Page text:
We’ve sighed and rolled our eyes enough at the “Nice guys finish last” adage which always seems to come from guys who are decidedly not nice and love to parrot toxic words like ‘friendzone’ and ‘brozone’.
But what about the Nice Girl™? She’s very much a real entity. The term conjures up images of a girl who’s frequently underestimated and bypassed for rewards, never asking for what she wants.
Being a nice girl may not cost you much in your personal life, but at the workplace, it’s synonymous with soul-crushing mediocrity. If you’re worried you might be one, take this test to find out for yourself.
For starters, a male-dominated office means that every interaction in the workplace is gendered, right from male colleagues who stomach a female boss like she was an ulcer, to those who think female colleagues can’t be taken seriously if they put effort into their appearance. Most times, men in positions of power see women as unambitious, or disinterested in moving up the ladder if they are not the right amounts of “assertive”.
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It seems like women just can’t win. You’ve all seen plenty of water cooler talk that involves terms like “bitchy” or “uptight”, almost always directed at female bosses who just want to get work done. If you’re nice, you’re branded as a “pushover” or “doormat” instead.
Mark Peters writes for BBC Capital about gendered terms in the workplace, and how it extends beyond just casual sexism. Apart from common sexist terms like “gentleman’s agreement”, Peters points to a Stanford study that found that “In performance reviews, women tend to receive feedback that’s vague (“you had a great year” for example) or sexist, such as a disproportionate amount of comments on communication style, while men get clearer feedback about specific skills related to actual job performance.”
This isn’t the only study that has shed light on gendered behaviour in the workplace. Harvard researchers found way back in 2003 that women often don’t get what they want at work because they don’t ask for it. Women were less likely to negotiate, instead passively accepting the starting salary they were offered. Earlier this year, another Harvard study found that women were more likely to engage in “office housework”- tasks like organising parties or filling in for colleagues.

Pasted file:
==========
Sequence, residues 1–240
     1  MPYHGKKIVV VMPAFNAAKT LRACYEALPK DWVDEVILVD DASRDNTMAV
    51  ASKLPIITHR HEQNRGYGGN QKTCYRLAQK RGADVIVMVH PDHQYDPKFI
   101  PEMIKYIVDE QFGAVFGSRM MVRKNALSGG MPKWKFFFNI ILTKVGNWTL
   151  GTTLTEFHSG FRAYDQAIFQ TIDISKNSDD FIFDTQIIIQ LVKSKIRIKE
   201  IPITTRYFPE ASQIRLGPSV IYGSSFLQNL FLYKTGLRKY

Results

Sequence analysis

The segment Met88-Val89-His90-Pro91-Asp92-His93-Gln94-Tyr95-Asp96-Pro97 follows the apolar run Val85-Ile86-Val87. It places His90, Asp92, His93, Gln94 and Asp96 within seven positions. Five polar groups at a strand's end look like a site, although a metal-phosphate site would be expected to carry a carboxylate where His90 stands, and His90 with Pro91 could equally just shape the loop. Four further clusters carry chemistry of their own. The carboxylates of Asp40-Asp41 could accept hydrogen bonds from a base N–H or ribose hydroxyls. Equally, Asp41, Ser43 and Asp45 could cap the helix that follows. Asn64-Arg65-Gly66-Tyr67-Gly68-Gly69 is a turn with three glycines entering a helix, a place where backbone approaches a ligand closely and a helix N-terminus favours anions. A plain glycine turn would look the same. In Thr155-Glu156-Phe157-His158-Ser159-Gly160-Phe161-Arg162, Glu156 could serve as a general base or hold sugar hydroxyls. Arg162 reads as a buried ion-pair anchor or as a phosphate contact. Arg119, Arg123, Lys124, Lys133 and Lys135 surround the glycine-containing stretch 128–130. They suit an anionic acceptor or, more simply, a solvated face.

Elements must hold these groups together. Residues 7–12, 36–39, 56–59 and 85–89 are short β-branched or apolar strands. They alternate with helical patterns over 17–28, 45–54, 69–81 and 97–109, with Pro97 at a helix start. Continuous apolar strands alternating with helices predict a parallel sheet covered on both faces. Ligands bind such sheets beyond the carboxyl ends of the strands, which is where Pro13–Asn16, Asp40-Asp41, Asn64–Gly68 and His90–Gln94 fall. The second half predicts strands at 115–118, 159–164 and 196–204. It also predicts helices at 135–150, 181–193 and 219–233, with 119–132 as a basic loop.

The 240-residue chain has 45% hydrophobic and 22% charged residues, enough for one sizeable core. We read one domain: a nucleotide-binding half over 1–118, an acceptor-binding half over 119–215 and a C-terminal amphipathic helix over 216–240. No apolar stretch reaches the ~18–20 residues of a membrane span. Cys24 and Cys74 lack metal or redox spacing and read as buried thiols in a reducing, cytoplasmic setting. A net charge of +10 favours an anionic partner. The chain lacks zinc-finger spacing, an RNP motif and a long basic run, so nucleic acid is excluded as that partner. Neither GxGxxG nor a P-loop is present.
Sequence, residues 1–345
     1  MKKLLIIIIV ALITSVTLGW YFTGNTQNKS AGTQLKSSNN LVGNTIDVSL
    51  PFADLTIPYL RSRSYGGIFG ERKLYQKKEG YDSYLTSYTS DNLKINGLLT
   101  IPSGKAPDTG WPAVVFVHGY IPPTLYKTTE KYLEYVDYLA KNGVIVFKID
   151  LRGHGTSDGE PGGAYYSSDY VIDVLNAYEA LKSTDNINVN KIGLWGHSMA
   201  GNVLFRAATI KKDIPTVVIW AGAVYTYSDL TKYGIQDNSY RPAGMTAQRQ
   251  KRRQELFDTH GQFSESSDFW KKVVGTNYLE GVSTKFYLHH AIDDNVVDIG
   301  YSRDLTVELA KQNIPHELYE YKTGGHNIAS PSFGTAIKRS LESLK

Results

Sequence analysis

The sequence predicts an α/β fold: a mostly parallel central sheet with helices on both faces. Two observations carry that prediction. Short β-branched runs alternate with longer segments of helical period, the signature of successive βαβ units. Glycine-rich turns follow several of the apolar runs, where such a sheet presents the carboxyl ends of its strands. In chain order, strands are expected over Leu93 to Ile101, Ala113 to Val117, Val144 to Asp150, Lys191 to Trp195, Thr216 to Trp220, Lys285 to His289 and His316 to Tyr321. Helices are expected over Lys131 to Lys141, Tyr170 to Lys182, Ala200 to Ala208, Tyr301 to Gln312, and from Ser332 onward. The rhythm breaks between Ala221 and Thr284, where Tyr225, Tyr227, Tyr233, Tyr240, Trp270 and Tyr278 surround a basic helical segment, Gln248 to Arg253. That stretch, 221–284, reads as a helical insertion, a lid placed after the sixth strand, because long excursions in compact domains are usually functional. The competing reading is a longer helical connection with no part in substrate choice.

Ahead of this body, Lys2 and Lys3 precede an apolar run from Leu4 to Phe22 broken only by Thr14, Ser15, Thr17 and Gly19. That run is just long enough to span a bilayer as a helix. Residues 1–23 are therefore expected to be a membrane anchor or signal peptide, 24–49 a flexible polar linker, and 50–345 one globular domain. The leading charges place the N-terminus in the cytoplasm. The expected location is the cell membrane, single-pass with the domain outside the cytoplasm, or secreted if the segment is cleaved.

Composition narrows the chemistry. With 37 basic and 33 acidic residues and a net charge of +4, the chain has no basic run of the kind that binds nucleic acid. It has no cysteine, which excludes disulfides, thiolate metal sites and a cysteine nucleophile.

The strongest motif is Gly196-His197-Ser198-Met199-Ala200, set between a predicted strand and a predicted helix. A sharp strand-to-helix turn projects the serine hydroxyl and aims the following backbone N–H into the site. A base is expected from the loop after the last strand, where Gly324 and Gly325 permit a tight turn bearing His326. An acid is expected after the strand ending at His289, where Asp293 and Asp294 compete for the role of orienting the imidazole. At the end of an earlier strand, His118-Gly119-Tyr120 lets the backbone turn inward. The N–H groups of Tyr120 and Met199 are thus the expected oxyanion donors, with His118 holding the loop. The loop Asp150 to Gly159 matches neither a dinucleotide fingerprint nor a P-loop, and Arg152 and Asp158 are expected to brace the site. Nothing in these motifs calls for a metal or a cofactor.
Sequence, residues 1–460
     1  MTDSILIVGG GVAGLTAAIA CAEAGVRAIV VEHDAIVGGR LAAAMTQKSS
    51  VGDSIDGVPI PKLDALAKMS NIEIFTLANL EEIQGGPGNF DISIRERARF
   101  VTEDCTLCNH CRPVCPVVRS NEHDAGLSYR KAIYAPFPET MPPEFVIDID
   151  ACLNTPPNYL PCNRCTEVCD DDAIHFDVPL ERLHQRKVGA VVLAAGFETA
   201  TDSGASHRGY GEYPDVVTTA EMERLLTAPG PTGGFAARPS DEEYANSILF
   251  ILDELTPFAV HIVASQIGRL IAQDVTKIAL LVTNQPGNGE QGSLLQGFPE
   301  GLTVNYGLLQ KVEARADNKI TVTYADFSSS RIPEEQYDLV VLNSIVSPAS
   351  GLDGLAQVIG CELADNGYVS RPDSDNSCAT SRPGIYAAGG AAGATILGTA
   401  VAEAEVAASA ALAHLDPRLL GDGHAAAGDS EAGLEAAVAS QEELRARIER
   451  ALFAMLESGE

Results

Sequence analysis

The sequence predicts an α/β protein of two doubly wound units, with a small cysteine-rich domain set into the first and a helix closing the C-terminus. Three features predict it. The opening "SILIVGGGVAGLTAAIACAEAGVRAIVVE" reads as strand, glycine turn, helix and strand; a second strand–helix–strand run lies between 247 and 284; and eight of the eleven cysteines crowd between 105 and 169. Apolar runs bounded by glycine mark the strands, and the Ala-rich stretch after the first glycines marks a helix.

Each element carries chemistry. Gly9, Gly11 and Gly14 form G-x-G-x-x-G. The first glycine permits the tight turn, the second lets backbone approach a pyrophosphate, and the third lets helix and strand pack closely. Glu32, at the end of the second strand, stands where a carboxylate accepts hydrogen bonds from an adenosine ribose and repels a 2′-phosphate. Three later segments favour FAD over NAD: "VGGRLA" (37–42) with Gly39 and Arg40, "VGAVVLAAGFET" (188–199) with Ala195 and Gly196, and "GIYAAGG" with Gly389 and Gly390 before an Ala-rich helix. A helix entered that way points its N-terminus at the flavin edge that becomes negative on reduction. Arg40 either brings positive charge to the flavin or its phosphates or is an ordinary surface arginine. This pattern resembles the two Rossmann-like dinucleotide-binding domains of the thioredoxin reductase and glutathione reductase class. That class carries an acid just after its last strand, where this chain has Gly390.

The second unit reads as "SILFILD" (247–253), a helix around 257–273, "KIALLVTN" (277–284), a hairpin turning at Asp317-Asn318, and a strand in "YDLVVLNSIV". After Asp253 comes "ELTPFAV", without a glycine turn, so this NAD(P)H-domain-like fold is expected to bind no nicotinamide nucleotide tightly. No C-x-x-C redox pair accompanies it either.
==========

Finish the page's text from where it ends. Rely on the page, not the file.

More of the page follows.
This is probably because women are socialised to focus on others’ needs rather than their own and to be less vocal about what they want. If they do dare to be vocal, their aggression is perceived very differently, as we saw with Serena Williams’ meltdown at the US Open a few weeks ago.
Since the Harvard study, this phenomenon of the ‘Nice Girl’ losing out at work has been addressed by multiple women. Of them, my favourite is Fran Hauser, venture capitalist and author of The Myth of the Nice Girl: Achieving a Career You Love Without Becoming a Person You Hate who gives us a refreshing take.
What Hauser says is that doing things your own way and finding the most efficient balance is what will ultimately help you become successful, whether you decide to kill them with kindness or put your foot down.
Putting on an artificial “Tough Girl” persona or constantly toeing the line of “pushover vs pushy” as she puts it, only does your true self a disservice. Instead, why not embrace your pleasant personality and use it to your advantage?
Nice girls bring to the workplace qualities it’s desperately in need of- empathy, kindness and a leadership style that doesn’t rely on bullying. If there’s anyone who can restructure the ethos of the corporate world, it’s them.
It sounds ridiculously optimistic and easier said than done, but it really does put things in perspective. It makes us ask the all-important question of ‘How to Deal With Workplace Sexism’ without being demotivated by its all-consuming grasp and instead saying, “I’m going to be myself if it kills me.” I don’t know about you, but I think that attitude is as hardcore as it gets.